I paused at this little creek that flows under a small bridge in the trail. It was lower than I had expected, the result of the reduced spring runoff and small amount of rain we’ve had so far this spring. Probably in most years it would be flood over the banks a little ways, into the long brown grass on either side. Below the bridge was a deeper spot, a little pool, and I watched for a bit a few fish, chub and minnows and the like, as they gently swam against the current, holding their position relative to the creek bottom. I stood there a while, contemplatively, enjoying the sunshine; Raven busied herself with sniffing things along the trail edges. We don’t, for the most part, put her on a leash in the winter since there’s not much in the way of wildlife for her to disturb, but it’s reaching the time where we’ll have to dig it out again. So she was wandering back and forth, smelling all the interesting smells.

River Otter

I spotted this guy as a shape coming down the river at first. I thought it was perhaps a beaver or a muskrat, but as it drew closer I realized it was neither. Instead, the shape resolved itself into a River Otter. About the moment where I realized with a start that it was an otter, only my second-ever sighting of the species, Raven also noticed it. This was also Raven’s second-ever sighting of an otter; I’m not sure if she recalled the entertaining first encounter, or if it was simply an interesting creature that vaguely resembled other four-legged creatures she knew, but either way she was keen to go down and say hello.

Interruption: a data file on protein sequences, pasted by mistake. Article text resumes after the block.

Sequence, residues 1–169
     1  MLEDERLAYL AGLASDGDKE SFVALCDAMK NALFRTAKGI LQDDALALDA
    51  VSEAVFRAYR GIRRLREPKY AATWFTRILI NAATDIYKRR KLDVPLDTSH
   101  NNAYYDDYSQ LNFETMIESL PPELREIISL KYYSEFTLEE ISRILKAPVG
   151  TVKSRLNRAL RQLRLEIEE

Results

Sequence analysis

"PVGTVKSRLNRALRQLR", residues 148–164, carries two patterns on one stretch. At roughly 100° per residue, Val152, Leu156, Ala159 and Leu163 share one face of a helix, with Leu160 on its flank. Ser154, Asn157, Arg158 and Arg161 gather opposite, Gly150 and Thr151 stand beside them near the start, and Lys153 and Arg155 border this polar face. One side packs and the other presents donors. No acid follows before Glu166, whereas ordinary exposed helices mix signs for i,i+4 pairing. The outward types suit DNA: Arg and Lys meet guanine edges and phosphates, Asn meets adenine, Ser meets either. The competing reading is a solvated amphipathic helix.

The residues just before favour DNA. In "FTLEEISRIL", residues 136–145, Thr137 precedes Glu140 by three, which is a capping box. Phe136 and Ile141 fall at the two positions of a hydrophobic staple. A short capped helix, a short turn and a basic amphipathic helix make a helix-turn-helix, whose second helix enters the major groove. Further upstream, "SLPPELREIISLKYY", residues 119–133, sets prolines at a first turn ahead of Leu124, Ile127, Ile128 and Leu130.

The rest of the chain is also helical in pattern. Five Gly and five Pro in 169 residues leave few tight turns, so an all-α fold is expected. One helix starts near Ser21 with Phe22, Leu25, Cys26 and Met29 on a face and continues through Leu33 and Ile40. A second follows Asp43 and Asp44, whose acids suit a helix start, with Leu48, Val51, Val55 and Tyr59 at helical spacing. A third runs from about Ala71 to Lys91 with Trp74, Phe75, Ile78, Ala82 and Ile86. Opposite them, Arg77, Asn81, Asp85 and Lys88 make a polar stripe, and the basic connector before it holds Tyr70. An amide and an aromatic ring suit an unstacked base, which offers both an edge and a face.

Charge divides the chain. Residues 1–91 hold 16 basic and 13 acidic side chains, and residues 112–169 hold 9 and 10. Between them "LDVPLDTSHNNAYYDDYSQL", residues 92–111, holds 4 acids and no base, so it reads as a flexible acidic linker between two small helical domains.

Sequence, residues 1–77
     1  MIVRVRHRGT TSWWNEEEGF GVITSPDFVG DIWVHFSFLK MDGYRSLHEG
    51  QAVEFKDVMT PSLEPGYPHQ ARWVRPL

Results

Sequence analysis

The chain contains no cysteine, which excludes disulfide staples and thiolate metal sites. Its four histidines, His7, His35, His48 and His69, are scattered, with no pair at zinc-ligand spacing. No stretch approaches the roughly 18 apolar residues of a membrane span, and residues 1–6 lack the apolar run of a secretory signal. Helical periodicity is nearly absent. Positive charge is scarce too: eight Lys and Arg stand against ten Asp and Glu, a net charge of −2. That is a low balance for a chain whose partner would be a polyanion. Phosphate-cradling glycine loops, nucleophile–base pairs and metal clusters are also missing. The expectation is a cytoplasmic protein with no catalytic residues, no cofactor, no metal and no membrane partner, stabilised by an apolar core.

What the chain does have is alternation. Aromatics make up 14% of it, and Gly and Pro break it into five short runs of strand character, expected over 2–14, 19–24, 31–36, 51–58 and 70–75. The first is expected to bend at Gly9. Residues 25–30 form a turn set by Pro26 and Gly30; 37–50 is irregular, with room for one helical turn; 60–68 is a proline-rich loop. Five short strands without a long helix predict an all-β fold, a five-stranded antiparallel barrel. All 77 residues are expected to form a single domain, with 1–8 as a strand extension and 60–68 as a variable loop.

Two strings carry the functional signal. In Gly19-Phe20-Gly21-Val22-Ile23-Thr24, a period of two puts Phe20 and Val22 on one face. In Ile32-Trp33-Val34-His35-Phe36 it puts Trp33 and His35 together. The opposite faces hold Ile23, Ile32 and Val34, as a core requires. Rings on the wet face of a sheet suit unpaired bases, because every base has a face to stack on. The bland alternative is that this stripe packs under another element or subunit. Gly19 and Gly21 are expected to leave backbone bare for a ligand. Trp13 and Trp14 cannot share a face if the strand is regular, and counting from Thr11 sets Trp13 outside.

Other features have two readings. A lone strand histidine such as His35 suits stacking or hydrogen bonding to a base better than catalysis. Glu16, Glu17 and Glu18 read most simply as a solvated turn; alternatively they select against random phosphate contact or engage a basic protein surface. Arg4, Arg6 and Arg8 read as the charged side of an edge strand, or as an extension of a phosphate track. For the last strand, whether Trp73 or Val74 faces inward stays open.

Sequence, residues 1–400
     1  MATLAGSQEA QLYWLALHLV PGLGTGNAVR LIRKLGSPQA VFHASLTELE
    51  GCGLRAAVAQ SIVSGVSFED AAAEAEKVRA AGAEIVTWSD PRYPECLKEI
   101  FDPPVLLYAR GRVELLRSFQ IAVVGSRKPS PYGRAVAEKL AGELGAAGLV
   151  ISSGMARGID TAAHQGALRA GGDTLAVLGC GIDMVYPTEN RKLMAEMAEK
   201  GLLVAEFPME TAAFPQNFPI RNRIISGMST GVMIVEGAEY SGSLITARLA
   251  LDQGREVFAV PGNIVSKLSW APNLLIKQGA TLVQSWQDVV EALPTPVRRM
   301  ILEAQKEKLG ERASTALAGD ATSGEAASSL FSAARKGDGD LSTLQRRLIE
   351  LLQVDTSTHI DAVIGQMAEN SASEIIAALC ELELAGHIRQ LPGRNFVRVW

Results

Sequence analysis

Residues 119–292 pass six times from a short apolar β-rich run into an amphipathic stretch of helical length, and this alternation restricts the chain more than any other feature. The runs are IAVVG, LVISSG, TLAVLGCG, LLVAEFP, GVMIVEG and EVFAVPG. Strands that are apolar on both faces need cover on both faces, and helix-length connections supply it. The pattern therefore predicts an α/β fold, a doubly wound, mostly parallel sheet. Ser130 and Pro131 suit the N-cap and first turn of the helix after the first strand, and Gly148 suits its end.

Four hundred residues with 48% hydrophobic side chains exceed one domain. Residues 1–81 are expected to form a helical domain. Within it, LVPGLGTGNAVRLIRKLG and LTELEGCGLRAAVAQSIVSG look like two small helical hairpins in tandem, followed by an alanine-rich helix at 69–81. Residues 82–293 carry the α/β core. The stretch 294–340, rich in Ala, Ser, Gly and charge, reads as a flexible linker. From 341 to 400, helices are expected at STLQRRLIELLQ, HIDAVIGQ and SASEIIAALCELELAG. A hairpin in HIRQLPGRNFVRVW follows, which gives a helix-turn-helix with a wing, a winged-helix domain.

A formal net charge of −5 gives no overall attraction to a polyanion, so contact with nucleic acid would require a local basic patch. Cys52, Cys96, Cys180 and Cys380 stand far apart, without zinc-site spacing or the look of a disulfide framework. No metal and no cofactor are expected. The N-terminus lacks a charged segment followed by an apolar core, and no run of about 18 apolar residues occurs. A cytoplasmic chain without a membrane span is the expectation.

I’m quite sure she had only friendly overtures on her mind, as her response to seeing the animal wasn’t the same as how she responds to seeing a chipmunk or squirrel or even rabbit. But I was likewise sure the otter wouldn’t see it that way. I didn’t want to disturb the otter, but Raven wasn’t on a leash. I called to her to come; it gave her pause, but she wasn’t completely dissuaded, and she stood hesitantly at the edge of the slope leading down to the water, one food in the air, tail wagging slightly. I had to call her three times, each time successively louder and firmer, before she finally, reluctantly, turned away from the curious creature and came to sit by me.